Two and a half million South Sudanese died for the creation of this new state. With robust international action and statesmanship by South Sudan’s leaders, millions more deaths can be prevented.

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Re: Preventing South Sudan’s Infern

Post by silly girl on Fri Dec 20 2013, 11:37

Thanks Chiki....was just coming here to post...he does keep himself busy.

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Re: Preventing South Sudan’s Infern

Post by party animal - not! on Fri Dec 20 2013, 17:31

Thank you so much, Chiki. Really wondered how long Our Hero would leave it before he felt he had to say/do something.

I can imagine he and Prendergast's phones are off the wall at the mo with calls to the relevant governement departments..........


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Re: Preventing South Sudan’s Infern

Post by Nicky80 on Fri Dec 20 2013, 19:41

Thanks Chiki for the update

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Re: Preventing South Sudan’s Infern

Post by Carla97 on Fri Dec 20 2013, 22:14

Well as long as I´ve heard about Sudan there has been internal conflicts. And there seems no end to those...

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Re: Preventing South Sudan’s Infern

Post by watching on Sat Dec 21 2013, 09:05

Comments from Daily Beast (taking out posters names):

Always heartbreaking to see yet another African nation boil over into absolute violence and chaos. However, if South Sudan used all of the billions of dollars it received in petro money on improving its infrastructure and government programs instead of new military technology then maybe there wouldn't have been a coup.


"Finally, the United States should immediately deploy its Special Envoy for the Sudans, Donald Booth, and a team of diplomats who can deliver strong messages to key leaders and to the broader South Sudanese public, as well as support mediation efforts led by neighboring African states as well as South Sudanese church leaders."
Yeah, that will help. Harsh language always works when dealing with murderers.  That bit about the UN is great too, all they need to do is to instruct the peacekeepers to refrain from raping the women and children as they have done in the past.


Its is quite striking that entertainers can fool people into believing they are intelligent because they are pretty good actors. That lasts until they start talking or writing about something that isn't scripted for them.


It's all admirable, but these savages have to be left alone, They have been fighting each other since the big bang, so let them fight and develop their own civilization eventually. Europe used to be a wild place as well. Look at it now.


@ChuckFinley Don't desecrate the good name of Chuck Finley with your callous indifference. The people of South Sudan do not deserve this.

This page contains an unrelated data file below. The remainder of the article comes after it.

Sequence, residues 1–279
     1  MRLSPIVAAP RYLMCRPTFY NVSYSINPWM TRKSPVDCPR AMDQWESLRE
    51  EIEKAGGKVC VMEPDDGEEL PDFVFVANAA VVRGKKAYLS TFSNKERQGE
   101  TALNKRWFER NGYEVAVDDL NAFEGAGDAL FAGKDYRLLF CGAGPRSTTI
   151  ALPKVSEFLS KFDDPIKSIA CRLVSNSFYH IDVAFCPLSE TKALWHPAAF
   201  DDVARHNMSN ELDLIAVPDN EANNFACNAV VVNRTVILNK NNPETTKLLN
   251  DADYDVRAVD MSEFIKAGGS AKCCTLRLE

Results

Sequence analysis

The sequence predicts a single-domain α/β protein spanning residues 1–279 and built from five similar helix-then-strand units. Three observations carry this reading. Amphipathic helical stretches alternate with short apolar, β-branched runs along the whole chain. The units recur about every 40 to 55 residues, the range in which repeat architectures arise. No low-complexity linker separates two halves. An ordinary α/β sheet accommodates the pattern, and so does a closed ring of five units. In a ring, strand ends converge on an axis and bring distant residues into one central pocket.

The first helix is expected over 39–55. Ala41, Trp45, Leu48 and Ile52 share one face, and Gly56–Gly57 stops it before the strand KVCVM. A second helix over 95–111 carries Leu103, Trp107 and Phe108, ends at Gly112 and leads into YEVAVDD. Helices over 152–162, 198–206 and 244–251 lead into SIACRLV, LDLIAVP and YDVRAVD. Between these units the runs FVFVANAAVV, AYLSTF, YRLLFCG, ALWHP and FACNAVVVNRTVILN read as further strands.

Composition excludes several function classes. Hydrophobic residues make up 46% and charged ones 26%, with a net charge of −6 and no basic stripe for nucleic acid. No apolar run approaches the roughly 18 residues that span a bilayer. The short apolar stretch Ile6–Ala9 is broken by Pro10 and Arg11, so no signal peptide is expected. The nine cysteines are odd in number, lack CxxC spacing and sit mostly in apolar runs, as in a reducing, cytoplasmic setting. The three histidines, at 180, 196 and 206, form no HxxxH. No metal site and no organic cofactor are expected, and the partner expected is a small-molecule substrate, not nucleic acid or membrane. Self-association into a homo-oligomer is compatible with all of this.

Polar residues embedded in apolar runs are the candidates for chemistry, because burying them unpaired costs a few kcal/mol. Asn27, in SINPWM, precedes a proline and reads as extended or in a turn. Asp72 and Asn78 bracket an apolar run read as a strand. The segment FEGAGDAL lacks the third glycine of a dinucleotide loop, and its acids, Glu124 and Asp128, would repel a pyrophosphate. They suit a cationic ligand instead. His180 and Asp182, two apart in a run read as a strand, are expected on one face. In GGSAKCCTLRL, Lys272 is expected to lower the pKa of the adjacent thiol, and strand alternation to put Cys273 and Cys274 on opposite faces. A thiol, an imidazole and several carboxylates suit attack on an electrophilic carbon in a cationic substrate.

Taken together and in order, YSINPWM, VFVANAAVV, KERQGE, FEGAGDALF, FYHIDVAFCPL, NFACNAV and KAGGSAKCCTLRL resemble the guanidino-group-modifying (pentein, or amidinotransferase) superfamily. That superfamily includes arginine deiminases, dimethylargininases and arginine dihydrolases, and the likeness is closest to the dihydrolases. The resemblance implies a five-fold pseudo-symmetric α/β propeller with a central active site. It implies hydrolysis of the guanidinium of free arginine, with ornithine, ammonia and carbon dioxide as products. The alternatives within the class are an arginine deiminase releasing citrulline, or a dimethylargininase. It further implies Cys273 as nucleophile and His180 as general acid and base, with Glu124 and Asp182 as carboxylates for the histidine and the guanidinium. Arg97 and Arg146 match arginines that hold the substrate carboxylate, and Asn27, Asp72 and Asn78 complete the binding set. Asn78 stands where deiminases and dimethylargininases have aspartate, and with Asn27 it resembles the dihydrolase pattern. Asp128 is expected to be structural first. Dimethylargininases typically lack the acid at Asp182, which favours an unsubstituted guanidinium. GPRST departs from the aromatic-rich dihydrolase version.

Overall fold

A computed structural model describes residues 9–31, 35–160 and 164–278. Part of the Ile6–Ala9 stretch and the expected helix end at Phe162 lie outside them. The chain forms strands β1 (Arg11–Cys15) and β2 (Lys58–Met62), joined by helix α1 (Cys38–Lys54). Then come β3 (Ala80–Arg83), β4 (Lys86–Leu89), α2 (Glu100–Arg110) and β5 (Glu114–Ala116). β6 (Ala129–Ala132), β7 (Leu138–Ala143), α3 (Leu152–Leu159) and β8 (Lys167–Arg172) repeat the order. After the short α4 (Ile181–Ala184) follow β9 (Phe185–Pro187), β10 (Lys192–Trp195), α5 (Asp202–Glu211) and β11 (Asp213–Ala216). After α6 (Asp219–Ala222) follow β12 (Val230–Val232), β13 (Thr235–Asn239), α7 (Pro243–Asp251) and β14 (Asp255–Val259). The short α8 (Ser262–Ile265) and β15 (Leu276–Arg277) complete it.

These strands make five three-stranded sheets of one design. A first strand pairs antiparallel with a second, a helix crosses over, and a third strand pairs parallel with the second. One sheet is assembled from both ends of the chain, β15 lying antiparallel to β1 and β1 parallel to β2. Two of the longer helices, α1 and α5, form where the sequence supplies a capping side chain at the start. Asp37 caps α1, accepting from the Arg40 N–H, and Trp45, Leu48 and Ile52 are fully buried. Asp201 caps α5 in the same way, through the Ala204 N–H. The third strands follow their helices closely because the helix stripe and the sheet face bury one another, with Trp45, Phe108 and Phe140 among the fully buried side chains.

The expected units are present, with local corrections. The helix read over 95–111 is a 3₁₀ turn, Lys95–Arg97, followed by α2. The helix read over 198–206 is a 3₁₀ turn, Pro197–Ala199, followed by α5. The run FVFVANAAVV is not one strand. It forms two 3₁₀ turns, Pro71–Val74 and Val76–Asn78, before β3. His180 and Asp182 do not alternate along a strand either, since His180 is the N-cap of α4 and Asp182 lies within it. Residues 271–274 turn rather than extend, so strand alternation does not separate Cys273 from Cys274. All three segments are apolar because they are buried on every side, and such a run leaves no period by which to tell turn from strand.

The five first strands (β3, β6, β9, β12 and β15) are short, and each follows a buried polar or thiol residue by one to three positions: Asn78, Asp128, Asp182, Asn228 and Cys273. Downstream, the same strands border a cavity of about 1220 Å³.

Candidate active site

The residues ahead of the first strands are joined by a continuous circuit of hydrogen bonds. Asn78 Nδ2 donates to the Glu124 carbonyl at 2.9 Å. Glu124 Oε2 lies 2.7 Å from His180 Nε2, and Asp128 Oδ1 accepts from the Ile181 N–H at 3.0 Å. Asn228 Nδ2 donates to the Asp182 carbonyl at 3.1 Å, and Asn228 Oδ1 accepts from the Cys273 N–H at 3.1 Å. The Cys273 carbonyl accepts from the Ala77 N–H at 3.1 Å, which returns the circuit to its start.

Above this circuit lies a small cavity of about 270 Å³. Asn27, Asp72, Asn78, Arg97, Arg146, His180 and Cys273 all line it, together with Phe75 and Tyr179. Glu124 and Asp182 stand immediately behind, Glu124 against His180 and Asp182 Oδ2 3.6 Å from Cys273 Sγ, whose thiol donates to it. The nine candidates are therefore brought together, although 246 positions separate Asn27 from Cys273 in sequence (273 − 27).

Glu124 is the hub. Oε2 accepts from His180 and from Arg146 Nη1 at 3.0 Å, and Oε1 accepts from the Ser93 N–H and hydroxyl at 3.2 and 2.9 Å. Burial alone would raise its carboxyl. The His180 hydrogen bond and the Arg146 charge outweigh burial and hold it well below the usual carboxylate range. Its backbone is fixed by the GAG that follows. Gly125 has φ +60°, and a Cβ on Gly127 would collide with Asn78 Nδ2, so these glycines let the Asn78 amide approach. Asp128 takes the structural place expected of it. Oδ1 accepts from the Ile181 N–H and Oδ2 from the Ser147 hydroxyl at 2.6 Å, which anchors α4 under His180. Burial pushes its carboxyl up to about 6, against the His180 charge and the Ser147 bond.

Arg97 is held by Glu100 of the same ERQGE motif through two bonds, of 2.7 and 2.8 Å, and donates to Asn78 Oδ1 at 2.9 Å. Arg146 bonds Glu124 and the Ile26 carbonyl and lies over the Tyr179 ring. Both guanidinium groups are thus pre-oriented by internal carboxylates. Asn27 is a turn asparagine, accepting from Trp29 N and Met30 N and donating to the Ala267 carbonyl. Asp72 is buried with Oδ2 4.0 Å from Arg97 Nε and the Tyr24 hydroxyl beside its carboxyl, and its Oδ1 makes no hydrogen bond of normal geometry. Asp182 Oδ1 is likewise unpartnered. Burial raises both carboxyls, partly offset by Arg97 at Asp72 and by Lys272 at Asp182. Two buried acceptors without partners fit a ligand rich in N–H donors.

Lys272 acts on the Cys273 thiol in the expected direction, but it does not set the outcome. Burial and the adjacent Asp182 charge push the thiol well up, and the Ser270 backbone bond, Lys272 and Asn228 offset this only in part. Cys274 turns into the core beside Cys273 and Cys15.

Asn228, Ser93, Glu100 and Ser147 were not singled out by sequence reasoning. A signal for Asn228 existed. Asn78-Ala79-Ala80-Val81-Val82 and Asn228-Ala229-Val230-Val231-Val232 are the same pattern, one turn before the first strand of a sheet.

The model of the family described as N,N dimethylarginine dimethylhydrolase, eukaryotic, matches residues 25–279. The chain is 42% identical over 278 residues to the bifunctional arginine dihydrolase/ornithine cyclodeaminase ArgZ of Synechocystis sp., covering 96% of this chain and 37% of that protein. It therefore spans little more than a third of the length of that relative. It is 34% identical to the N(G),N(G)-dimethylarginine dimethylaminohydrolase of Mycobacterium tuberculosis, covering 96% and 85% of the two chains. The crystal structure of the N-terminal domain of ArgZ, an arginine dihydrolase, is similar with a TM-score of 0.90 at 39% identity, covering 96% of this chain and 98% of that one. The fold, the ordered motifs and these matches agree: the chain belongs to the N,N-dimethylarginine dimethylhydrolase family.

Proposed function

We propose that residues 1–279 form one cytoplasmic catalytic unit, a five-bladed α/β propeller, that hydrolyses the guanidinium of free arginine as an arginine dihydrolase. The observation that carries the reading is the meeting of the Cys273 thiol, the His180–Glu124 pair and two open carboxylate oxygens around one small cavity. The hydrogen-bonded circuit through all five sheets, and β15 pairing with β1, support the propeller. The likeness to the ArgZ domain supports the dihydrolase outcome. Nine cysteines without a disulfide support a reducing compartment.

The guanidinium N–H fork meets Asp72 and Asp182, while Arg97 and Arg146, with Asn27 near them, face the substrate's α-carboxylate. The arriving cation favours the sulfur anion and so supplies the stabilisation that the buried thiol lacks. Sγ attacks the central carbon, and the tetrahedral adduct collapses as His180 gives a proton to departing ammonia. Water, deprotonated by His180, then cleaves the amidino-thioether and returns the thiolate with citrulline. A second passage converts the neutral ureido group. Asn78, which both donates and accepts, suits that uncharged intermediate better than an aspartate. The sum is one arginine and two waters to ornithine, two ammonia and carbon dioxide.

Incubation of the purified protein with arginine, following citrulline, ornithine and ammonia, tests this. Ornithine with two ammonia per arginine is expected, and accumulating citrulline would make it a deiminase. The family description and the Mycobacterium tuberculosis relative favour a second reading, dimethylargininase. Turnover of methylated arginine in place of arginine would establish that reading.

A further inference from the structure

In the last twenty years, the worst wars and acts of genocide, resulting in millions of deaths, have been in Africa,  although these have never been widely reported in the U.S. media.


As long as they dont have any nukes let them fight it out


It had to be a miserable life for great great grandpa but those cotton fields sure saved me from Africa.


@Goldenrule It's a shame as it's such a beautiful continent with great potential.  I wish we could do more to protect its natural beauty (e.g. elephants, rhinos, lions) and stop the violence stemming from people, both insiders and outsiders, looking only to exploit and plunder.


Nobody can say they were surprised.  You have a country (Sudan) that discovers it has oil. The part of the country that has oil splinters (with international backing and celebrity endorsement), gets official nationhood credentials, elections, a flag, a seat in the UN, etc, in record time. Soon after the leaders of this new country (who wear black cowboy hats) are depositing millions (derived from the oilfields) into foreign bank accounts instead of using it to build schools and hospitals, etc, (boring things like that). Not surprisingly people in this new country are ticked off.


Record time? You obviously don't know much of the South Sudan history.


It seemed only like yesterday we were first hearing about Sudan's civil war.


When will George and the millions of others stop sending money to this nation and others  in Africa who have no other form of govt but revolution


Sorry, tired of spending blood and treasure to save people from themselves. Work diplomatically for a complete ban on international arms sales to warring states. Otherwise stay out and let the South Sudanese, the Afghans, the Congolese, etc., etc., etc., kill one another until they run out of bulelts or decided to act like civilized human beings.


Have clooney strap on a backpack and hand him an M16 and let him loose.


Hey George, let me tell you about this place called Chicago. or Philly, or Oakland or Detroit or ....


not our battle, George. We've tried nation-building. Repeatedly.  It no worky.  


Oh, gracious, let's charge into Africa for "humanitarian reasons". Whom are we kidding? AFRICOM now has boots on the ground, for "humanitarian reasons", of course. The CIA's 1975 wet dream. Here we go again.


Thank you for writing. It's encouraging to see some unbiased, and HOPEFUL reporting on what has been a very painful story for so many of us. According to the New York Times the UN is expected to hold an emergency meeting the situation. Here's to hoping they opt for action instead of more hand wringing.


@mrmacks I could be wrong but UN is synomynous for hand-wringing.